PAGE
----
The changes do create a problem for legislation. Both the surpluses in the pension accounts and actuarially-based reductions in the underfunding of the PSRHB fund would logically call for reductions in payments by the Postal Service to these funds. As reducing payments to pension and PSRHB funds reduces Federal revenues, legislative proposals that allow the Postal Service to reduce payments to actuarially-appropriate levels will produce a Congressional Budget Office cost estimate that adds to the budget deficit.
The CBO cost estimate on H.R. 2309 uses an estimate of the FERS surplus that is $0.5 billion below the estimate in the Postal Service’s FY 2011 10K and in the CBO cost estimate for S. 1789. Therefore, even without changes in H.R. 2309, the postive budgetary impact that CBO reported must be reduced by $0.5 billion to reflect the more current figures.
As H.R. 2309, the Postal Reform Act of 2011, does not allow the Postal Service to use the surplus in the CSRS account, a floor amendment is required to allow the Postal Service to treat the CSRS fund surplus in the same manner than it is allowed to treat the FERS fund surplus. Given the discussion that I had with Congressman Dennis Ross on twitter yesterday, it is not clear if the sponsors of H.R. 2309 will agree to make what should be an non-controversial change to their bill.
CBO nor OPM have not made any estimates of changes in funding levels in the CSRS and FERS pension funds or the PSRHB fund due to reduced staffing levels caused by either the network optimization initiative or the introduction of five-day delivery. As such, the CBO cost estimates, more than likely, underestimate the surpluses that will exist in CSRS and FERS funds in years beyond FY 2012 and may miss a potential new problem of overfunding of the PSRHB fund near the end of the 10 year period that CBO examines. Unfortionately, correct accounting for these changes caused by actuarial changes would worsen the CBO cost estimate of the budgetary impact of both H.R. 2309 and S. 1789.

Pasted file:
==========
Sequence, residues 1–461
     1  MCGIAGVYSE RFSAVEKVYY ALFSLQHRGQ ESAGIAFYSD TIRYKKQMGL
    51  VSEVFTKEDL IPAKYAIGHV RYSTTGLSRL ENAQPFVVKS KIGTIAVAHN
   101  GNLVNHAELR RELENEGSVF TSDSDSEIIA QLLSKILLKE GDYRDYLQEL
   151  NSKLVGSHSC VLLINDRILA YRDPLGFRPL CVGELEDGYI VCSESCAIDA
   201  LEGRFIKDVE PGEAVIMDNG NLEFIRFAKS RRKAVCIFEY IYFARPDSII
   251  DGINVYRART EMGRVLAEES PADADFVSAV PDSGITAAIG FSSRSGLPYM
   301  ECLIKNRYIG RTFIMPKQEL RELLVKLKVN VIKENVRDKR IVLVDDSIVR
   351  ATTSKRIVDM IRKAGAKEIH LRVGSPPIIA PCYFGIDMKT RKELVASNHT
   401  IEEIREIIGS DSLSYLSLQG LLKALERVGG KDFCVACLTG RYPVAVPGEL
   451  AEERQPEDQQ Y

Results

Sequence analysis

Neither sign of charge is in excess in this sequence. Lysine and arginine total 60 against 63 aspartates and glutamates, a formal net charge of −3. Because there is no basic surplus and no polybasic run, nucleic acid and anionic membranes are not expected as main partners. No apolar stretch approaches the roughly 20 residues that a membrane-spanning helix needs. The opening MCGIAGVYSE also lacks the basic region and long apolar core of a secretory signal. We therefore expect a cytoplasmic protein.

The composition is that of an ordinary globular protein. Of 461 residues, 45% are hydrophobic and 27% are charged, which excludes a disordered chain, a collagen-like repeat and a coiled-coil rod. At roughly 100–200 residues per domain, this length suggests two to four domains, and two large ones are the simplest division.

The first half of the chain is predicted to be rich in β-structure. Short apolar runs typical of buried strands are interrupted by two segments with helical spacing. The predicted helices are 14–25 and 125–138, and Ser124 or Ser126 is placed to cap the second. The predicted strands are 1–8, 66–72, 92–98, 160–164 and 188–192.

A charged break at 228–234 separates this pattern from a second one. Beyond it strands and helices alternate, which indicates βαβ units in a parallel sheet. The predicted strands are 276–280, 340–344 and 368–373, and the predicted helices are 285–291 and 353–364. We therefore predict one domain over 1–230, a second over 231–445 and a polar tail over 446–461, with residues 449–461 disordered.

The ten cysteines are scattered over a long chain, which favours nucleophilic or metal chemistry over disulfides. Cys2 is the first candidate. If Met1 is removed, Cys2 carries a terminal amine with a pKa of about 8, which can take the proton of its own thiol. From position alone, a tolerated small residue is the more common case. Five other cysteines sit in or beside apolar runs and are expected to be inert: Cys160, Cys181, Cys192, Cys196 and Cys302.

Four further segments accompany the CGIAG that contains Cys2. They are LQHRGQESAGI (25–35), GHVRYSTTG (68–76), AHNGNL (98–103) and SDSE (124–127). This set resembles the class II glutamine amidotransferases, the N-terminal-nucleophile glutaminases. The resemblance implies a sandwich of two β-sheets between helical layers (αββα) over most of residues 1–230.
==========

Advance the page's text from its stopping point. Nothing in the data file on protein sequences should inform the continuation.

If recent trends in pension accounts funding levels continue, a bill to eliminate the surpluses would likely be more budget negative, if it is evaluated after September 30, 2012. Similarly, changes in the underfunding of the PSRHB due to the actuarial impacts of reductions in the Postal Service’s head count following network optimization that would justify a different and lower funding plan than in current law would increase the negative budget impact of any postal reform legislation.
What this legislative conundrum creates is a serious problem for mailers and postal employees, as rate and cost pressures are intensified to allow the Postal Service to continue to build surpluses in its pension accounts and pay down unfunded liabilities in its PSRHB account at a rate faster than prudent management would suggest. (Depending on how the PSRHB liability is estimated after the reduction in the workforce, the current funding schedule may even result in surpluses in this account.) A solution is needed to fix this without forcing legislatively-mandated cost-cutting or rate increases solely designed to ensure that a postal reform bill is budget neutral or positive.